Four years after deflecting questions whether he smoked marijuana while in college, Kentucky Senator and 2016 presidential hopeful Rand Paul appears to acknowledge his own marijuana use. “Let’s just say I wasn’t a choir boy when I was in college,” Paul replied when asked whether he smoked marijuana while in college, “and that I can recognize that kids make mistakes, and I can say that I made mistakes when I was a kid.” Paul, however, is not calling for marijuana to be decriminalized. He is striking a balance on the issue and does not want to be seen as an advocate for the use of marijuana. “If your kid was caught selling marijuana or growing enough that it’s a felony conviction, they could be in jail for an extended period of time, they also lose their ability to be employable,” Paul explained. “So I want to change all of that. I want to lessen the criminal penalties on it.”
The California Medical Association (CMA) House of Delegates in San Diego voted Saturday on Resolution 116-14 to urge transplant clinics in the state against removing patients from organ transplant lists simply because they were recommended cannabis by a physician. One in 20 California adults have used medical cannabis for serious condition, and denying transplants to patients who do so is common in the state at hospitals like Cedars-Sinai, University of California Los Angeles (UCLA), University of California San Francisco, and Stanford Medical School, reports indicate. Advocacy group Americans for Safe Access said Californians who lawfully use cannabis are dying from denied transplants. Patients on transplant lists are drug-tested while waiting for an organ, and often learn only after they’ve been denied an organ that testing positive for or reporting marijuana use disqualified them. The CMA resolution comes as the California legislature considers introducing a bill to block transplant clinics from rejecting patients based on their medical marijuana use.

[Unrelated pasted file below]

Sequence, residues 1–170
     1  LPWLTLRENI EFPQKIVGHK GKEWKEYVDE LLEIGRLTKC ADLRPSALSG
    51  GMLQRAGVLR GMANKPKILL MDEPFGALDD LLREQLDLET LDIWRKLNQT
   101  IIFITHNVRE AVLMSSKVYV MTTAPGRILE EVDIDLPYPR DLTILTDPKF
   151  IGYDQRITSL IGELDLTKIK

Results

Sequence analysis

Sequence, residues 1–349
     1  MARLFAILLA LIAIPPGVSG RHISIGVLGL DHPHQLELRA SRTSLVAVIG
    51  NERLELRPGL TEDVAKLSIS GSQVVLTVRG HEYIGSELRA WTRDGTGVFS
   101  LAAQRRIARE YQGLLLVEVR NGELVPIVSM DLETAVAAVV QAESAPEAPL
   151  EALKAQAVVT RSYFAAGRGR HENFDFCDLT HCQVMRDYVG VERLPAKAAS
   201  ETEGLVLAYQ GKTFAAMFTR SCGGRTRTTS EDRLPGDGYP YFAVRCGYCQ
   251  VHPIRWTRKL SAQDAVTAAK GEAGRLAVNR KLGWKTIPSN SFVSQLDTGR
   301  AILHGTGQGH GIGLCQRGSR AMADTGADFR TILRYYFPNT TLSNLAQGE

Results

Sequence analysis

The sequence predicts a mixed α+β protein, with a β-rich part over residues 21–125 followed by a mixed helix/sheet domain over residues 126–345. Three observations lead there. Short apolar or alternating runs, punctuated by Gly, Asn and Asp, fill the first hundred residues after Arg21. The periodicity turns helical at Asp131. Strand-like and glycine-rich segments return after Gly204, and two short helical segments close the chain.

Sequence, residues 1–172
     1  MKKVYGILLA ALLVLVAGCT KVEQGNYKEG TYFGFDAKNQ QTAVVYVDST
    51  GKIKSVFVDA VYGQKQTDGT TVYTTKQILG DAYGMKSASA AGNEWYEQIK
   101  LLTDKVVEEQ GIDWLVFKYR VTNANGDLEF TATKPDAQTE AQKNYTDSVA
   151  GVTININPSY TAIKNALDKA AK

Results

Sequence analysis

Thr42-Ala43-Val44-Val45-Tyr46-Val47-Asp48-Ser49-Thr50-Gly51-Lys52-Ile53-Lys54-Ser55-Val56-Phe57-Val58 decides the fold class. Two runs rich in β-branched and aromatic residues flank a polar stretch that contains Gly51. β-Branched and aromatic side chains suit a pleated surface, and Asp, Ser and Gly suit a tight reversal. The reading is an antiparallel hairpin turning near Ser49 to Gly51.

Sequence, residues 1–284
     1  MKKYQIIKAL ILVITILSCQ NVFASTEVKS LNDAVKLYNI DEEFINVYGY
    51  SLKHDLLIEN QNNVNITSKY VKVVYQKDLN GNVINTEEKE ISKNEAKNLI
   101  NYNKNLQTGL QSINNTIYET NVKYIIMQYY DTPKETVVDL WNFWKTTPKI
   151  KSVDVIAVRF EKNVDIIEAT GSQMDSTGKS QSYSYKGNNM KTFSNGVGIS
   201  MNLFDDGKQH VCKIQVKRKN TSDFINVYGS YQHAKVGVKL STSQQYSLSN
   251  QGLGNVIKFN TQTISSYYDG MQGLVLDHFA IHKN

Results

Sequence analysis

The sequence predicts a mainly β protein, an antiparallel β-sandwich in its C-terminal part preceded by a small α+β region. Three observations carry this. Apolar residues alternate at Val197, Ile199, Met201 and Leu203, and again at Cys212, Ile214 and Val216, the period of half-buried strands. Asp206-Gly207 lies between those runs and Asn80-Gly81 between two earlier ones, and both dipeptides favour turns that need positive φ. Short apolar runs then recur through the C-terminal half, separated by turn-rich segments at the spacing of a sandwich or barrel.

A new credit union aimed specifically toward the cannabis industry would help move Colorado’s pot industry out of the shadows. The Fourth Corner Credit Union hopes to open its doors within weeks in Denver, offering to accept cash deposits and to permit members to make electronic transfers for payroll and rent, and to buy supplies. Colorado’s banking regulators granted Fourth Corner a charter on Nov. 19, and now the union is waiting for the Federal Reserve to issue it a master account number, which would give it access to the country’s electronic banking system. The credit union believes that it will get the account number without a fight because the Federal Reserve must give out numbers to organizations that have been granted state charters. Money-management concerns have gotten so bad in Colorado that many of the state’s largest stores have hired armed security guards to handle their cash.
According to the CDC, teenage consumption and the availability of drugs on school grounds went up in states where marijuana remained criminalized. However, in Colorado, consumption went down and availability went down despite the medical marijuana industry developing in the state during the same period. According to a recent white paper from the Cato Institute, teenage consumption of marijuana didn’t increase in the sixteen states that legalized medical marijuana. Recent data also shows that despite legalizing recreational marijuana, teenage consumption of marijuana in Colorado is still falling, decreasing from 39 percent in 2011 to 37 percent in 2013. Additionally, after states legalized medical marijuana suicide rates among men aged from 20 to 39 years decreased compared with those in states where legalization didn’t take place.
CNN and MSNBC have recently joined the marijuana programming bonanza with “Pot Barons of Colorado” and “High Profits,” but the original pot network is back with a new show. CNBC’s new program “Marijuana Country: The Cannabis Boom” premiers on Jan. 5 at 9 pm ET. Correspondent Harry Smith returns to Colorado to detail the rise of a new American industry, one year after the state legalized marijuana. CNBC produced and repeatedly aired “Marijuana, Inc.” and “Marijuana USA” before weed programming was all the rage. It even updated “Marijuana in America” with Smith replacing original reporter Trish Regan, who is now with Bloomberg TV. As we’ve reported for years, pot documentaries have brought in big ratings for cable networks. With Colorado making the programming both easier and more interesting, this isn’t a trend that will die down anytime soon.